Still, it’s possible to find some healthy options among the chain’s nearly 40 Cool Food breakfasts, grain bowls, salads, sandwiches, and soups. That includes a mix of flexitarian dishes like the Mediterranean Veggie Sandwich, Fuji Apple Chicken Salad, and Teriyaki Chicken & Broccoli Bowl. What doesn’t get Cool Food certified: meals with red meat (like the Toasted Steak & White Cheddar sandwich, which is responsible for a whopping 72 pounds of carbon dioxide emissions).

Bottom line

Cool Food Meals aren’t necessarily a slam-dunk for health, but they do help curb climate change.

Evol frozen entrées

box of evol frozen entre grilled steak
Marlena Koch - CSPI.

“NOW CARBON NEUTRAL!” proclaims the Evol Fire Grilled Steak box. Really? Steak? (Seven other Evol frozen meals also carry a “carbon neutral” label, though none are made with beef, the champion of greenhouse gas-emitting foods.)

“Evol has partnered with to find the best ways to offset our Certified Carbon Neutral Products’ impact,” says the company’s website. Translation: Evol is purchasing carbon offset credits.

Through Carbonfund, Evol supports forest conservation and renewable wind energy projects, though it’s not clear which ones. The company didn’t respond to our request for more information.

What we do know: If Evol is buying credits in a project like the Texas Capricorn Ridge Wind Project, which is listed on Carbonfund’s website, it may not be making much of a difference.

“Texas is just about the best—and most economical—place in the world to build a wind farm,” says CarbonPlan’s Freya Chay. “So it’s very likely that the wind farm would have existed without selling carbon credits. If so, purchasing carbon credits from that project is taking credit for business as usual.”

Bottom line

Are Evol’s claims based on carbon offset purchases that really matter? Your guess is as good as ours.

Airly crackers

box of Airly sea salt crackers
Marlena Koch - CSPI.

“Yes, you really can help remove greenhouse gases from the air—and it’s as easy as kicking back and snacking on a box of Airly,” promises the cracker company’s website.

Airly says that its practices—like no-till farming and planting cover crops—help capture carbon from the air and hold it in the plants and soil. Each box of its Sea Salt Oat Cloud Crackers removes 19 grams of carbon dioxide from the atmosphere, says the website. “That’s equal to about 2,700 beach balls worth of fresher air.”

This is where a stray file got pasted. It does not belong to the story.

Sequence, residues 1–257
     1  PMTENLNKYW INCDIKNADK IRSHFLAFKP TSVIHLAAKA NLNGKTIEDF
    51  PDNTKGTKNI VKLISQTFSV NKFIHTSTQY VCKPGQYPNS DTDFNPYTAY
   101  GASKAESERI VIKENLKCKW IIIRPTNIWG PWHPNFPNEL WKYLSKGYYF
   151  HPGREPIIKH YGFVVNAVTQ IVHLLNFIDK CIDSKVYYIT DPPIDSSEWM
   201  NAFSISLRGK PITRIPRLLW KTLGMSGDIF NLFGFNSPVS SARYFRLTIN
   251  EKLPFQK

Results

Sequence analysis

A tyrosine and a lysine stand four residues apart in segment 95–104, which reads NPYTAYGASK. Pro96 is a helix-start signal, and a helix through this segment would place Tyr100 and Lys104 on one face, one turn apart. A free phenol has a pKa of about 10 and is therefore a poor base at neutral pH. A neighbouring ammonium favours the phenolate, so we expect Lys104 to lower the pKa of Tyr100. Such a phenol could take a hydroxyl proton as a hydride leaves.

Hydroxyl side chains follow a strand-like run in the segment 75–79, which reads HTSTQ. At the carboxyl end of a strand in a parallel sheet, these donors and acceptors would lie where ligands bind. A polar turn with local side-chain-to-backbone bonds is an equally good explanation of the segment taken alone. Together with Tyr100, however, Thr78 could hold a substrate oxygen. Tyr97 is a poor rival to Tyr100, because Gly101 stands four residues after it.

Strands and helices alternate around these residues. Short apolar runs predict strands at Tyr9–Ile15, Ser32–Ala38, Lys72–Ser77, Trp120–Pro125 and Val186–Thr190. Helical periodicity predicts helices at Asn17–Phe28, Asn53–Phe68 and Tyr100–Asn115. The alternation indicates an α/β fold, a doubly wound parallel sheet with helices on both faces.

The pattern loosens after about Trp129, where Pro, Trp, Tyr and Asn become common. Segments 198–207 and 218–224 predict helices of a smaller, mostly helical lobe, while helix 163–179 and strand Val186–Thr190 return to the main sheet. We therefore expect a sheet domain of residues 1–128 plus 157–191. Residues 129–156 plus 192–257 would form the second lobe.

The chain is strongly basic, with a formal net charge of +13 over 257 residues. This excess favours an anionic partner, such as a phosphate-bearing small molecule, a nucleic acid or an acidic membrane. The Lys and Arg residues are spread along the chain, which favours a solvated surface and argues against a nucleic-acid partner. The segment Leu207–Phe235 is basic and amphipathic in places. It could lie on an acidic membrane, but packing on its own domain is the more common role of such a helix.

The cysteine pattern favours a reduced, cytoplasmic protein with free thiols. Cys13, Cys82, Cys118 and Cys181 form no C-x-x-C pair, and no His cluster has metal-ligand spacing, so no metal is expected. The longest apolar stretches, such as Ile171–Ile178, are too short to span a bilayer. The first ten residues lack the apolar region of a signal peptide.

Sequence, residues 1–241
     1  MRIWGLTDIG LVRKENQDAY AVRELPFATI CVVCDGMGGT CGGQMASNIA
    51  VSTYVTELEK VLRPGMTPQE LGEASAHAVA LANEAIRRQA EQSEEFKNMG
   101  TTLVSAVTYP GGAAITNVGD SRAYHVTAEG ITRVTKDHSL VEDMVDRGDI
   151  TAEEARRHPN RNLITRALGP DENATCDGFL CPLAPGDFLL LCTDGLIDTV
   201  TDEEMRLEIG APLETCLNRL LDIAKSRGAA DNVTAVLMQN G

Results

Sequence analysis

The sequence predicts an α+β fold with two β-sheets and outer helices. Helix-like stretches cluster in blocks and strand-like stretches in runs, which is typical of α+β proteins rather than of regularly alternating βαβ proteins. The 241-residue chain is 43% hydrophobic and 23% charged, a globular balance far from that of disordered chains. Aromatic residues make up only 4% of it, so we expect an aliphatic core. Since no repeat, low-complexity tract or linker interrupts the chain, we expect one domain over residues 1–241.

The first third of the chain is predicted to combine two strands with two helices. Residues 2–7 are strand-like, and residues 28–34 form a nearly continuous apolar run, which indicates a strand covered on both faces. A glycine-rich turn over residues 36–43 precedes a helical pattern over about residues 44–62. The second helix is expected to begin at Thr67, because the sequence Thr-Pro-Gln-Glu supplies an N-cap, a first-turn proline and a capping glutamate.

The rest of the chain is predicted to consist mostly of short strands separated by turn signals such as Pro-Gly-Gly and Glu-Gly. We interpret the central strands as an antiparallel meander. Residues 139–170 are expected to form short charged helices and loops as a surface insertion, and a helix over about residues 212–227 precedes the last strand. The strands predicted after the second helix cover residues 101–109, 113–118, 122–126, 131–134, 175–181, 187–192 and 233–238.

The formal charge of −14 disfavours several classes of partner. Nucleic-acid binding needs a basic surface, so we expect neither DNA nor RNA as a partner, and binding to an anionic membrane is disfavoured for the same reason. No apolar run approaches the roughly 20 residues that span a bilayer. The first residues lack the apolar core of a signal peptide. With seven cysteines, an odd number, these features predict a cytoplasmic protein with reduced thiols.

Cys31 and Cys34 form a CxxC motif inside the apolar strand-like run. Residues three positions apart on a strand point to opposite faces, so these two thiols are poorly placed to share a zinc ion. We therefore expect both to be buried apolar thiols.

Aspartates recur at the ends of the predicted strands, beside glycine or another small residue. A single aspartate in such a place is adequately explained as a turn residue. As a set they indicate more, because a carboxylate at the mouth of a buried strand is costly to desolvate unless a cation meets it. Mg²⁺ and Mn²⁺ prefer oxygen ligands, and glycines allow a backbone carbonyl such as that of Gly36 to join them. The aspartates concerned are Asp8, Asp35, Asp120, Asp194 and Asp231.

Sounds impressive...unless you know that a typical car emits roughly 20 times that much carbon dioxide driving just one mile.

Airly also relies on offsets. The company estimates that producing, transporting, and packaging its crackers emits 520 grams of carbon dioxide per box. It offsets those emissions by buying carbon credits to support “forestry or farm carbon sequestration projects.” When we asked for more specifics about the projects, we got no reply.

Bottom line

Airly’s climate-conscious farming is admirable. Too bad its emission-mitigation claims are mostly based on unspecified carbon offsets. That’s a long way from saying that buying a box of crackers will “help fight climate change,” as the company does.

Do Good chicken

pack of Do Good Chicken
Marlena Koch - CSPI.

“Each of our delicious Do Good Chickens stops approximately 4 lbs of surplus groceries from being thrown away, thus reducing nearly 3 lbs of greenhouse gases (CO2e),” says Do Good Chicken’s website. The company collects unsold food from grocers (after donations are made to food banks), then turns that food into chicken feed.

“Up to 20 percent of the bird’s feed over its lifetime” is made of food that would have been destined for the landfill, Do Good’s chief sustainability officer told us in an email. That’s good news, since the number-one item in landfills is wasted food, which releases greenhouse gases as it decomposes.

Still, cutting three pounds of greenhouse gases per chicken is modest. Producing a typical chicken in North America emits about 7 times that much. (Do Good told us they don’t have estimates for their chickens yet.)

What’s more, Do Good’s website may Do Bad when it says “Why wouldn’t you buy all-natural, climate-change-fighting chicken? It’s a way to make a difference, without you needing to change a thing.”